When the Milwaukee Brewers held Bob Wickman All-Star Poster Day on July 29, 2000, Wickman himself was in Cleveland, pitching for the Indians. He had been traded, along with Steve Woodard and Jason Bere, in a cost-cutting move by the Brewers the night before, so he sent his mother and grandmother in his place.
In his first appearance with the Indians Wickman became the 30th of 32 pitchers the Tribe had used that year, setting a new major-league record. Thrown into a pennant race for the first time, the hard throwing sinkerballer became the Indians’ closer, sometimes pitching three or four nights in a row. The fatigue took its toll, and he lost eight times, the second year in a row he led the American League in relief losses. But he also managed 14 saves in 26 appearances, providing the Indians the bullpen help they needed to win the wild card.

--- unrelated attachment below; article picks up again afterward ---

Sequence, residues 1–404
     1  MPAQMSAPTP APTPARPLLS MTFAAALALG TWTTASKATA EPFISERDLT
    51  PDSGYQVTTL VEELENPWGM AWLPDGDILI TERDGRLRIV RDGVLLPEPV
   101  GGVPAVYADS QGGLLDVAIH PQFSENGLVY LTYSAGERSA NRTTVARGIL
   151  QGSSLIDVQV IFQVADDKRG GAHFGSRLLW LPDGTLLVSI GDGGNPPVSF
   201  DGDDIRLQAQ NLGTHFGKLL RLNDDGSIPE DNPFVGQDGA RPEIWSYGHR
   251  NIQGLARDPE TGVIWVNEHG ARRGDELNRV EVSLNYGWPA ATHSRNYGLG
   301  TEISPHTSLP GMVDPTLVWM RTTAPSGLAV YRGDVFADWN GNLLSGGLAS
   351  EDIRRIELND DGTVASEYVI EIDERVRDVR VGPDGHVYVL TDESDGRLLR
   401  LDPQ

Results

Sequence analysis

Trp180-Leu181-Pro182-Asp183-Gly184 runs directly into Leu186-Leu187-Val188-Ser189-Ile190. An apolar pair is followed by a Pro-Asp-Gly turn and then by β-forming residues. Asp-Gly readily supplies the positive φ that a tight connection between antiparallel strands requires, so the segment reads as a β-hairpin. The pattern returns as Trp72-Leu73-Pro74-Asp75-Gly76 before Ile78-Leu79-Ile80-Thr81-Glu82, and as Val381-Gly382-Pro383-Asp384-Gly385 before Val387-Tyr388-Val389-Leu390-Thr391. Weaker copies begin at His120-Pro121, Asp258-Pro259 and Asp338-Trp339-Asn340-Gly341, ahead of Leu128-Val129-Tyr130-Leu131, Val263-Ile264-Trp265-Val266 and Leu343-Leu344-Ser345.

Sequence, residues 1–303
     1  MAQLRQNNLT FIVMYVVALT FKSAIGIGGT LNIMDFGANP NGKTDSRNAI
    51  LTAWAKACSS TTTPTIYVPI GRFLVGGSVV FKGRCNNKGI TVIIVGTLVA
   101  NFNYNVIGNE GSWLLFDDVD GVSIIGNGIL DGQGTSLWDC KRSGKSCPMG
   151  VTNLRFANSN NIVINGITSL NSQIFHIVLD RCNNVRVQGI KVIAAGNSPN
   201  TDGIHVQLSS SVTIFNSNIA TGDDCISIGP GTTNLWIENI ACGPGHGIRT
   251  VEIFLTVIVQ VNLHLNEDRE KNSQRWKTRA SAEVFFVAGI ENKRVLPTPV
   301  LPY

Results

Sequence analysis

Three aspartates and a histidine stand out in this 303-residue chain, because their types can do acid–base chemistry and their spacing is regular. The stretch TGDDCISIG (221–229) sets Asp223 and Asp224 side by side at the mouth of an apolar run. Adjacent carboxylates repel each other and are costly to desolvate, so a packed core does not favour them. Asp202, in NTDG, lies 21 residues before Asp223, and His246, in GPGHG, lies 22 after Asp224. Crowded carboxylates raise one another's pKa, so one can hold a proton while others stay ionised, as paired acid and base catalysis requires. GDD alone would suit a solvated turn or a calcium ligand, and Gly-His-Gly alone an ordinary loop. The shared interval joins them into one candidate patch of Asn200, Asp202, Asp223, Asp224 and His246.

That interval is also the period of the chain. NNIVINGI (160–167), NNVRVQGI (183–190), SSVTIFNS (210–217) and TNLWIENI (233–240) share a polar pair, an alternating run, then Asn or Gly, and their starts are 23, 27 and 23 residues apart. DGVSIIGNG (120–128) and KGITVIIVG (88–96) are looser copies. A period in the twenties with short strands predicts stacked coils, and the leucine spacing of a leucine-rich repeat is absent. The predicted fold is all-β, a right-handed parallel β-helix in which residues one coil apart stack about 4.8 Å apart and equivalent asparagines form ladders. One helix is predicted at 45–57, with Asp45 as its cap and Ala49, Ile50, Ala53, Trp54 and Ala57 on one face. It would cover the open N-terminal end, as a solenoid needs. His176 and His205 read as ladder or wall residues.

Halfway through the 2001 season Wickman appeared to have lost his closer job when the Tribe brought controversial fireballer John Rocker over from the Atlanta Braves. Relegated to a setup role, Wickman bided his time, continuing to pitch effectively. When control problems rendered Rocker ineffective, Wickman reprised his role as the Indians’ stopper.
Wickman credited the impressive sinking action of his pitches to a childhood accident. He caught his finger in a fan and sliced off its tip.